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Cannabis Treatment for Huntington’s Disease

Huntingdon’s Disease is a genetically inherited disorder which result in the death of brain cells. According to The Huntingdon’s Society of America, about 30,000 people in the U.S. suffer from Huntingdon’s Disease. While the disease has no cure, treatment focuses on slowing the progress of the disease and managing symptoms. In this article, we will look at Huntingdon’s Disease, how it’s usually treated, and how cannabis can help.

What is Huntingdon’s Disease?

Huntingdon’s Disease plagues sufferers via a mutated protein that attacks the brain’s cells. Over time, the degeneration of brains cells leads to a host of symptoms. Onset typically begins between the ages of 35 and 45 and starts with subtle changes in personality, cognition, and motor skills. Over time, these symptoms gradually worsen and cause chorea or uncontrollable jerky movements. Sleep disturbances are also common as the disease progresses. As more brain cells are destroyed, cognitive and physical symptoms become worse, with decreasing motor skills and word cognitive, memory and emotional function.

Huntingdon’s Disease is usually inherited from the patient’s parents, although 10% of cases occur due to a new mutation. If an affected person has a child, that child has a 50% chance of inheriting the disease. Genetic Testing can diagnose the disease before symptoms occur, which is an important decision for prospective parents.

Traditional Treatment

Unfortunately, Huntington’s Disease has no cure, so treatment is focused on slowing the progression of the disease and managing its symptoms. Physical therapy is often used to minimize falling injuries. Due to difficulty swallowing, a feeding tube may also be used.

In 2008, the FDA approved Tetrabenazine to help treat chorea in Huntington’s Disease patients. However, However, this treatment comes with a host of possible side effects which include:

  • Depression
  • Increased risk in suicide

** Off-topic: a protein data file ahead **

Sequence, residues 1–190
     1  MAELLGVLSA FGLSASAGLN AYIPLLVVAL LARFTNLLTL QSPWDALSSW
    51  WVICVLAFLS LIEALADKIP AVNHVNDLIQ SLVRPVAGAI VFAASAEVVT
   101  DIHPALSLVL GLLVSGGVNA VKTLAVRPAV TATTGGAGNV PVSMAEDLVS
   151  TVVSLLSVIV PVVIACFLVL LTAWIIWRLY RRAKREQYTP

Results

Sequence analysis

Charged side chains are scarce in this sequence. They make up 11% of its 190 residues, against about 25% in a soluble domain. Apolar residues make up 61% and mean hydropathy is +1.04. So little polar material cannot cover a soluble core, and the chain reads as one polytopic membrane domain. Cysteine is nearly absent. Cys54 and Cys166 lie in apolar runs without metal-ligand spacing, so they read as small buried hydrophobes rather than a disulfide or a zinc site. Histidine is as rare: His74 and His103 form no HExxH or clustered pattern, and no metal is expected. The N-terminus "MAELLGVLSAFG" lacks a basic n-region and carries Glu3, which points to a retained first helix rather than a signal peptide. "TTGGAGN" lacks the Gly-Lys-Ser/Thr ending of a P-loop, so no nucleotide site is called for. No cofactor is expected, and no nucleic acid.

• Fatigue
  • Insomnia
  • Anxiety
  • Nausea

Patients who experience any of these symptoms as a result of medication are left wanting a safer alternative.

Cannabis Shows Promise for Treating Huntington’s Disease

Sleep disturbances suffered by Huntington”s Disease Patients is relatively common.

In a study done on Sativex, another cannabis-based medication, researchers found that the medication significantly improved the quality of sleep in subjects, making it both longer and more restful.

A study on cannabis for the treatment of movement disorders found that cannabinoid receptors in the brain are involved in regulating motor activity. The researchers pointed out that influencing these receptors via the use of cannabinoids can help control movement disorders such as Huntington’s Disease chorea, among others.

Another study conducted in 2006 found that the body’s natural cannabinoid system is involved in the progression of the disease. Because of this, the researchers noted that influencing this system via the use of cannabinoids could help in treating the progression of the disease. They recommend further studies to see what potential other cannabinoids may hold in treating the ailment.

Most promisingly, researchers examining Nabilone, a cannabis-based medication, state that the medication not only helps ease symptoms of Huntington’s disease such as chorea but also provides neuroprotective qualities. In other words, the medication protects against the disease’s ability to kill brain cells. In delaying or outright stopping the damage, Nabilone may not only treat symptoms, but also the disease itself.

Moving Forward

While the literature on the relationship between Huntington’s Disease and cannabis is sparse, the research done so far shows promise. As experts have said, further research on the subject is warranted. At the very least, it seems conclusive that some cannabis-based medications effectively treat the symptoms of Huntington’s Disease. Whether or not it can treat the root of the disease remains to be seen, but future treatments for Huntington’s Disease based on cannabis looks promising.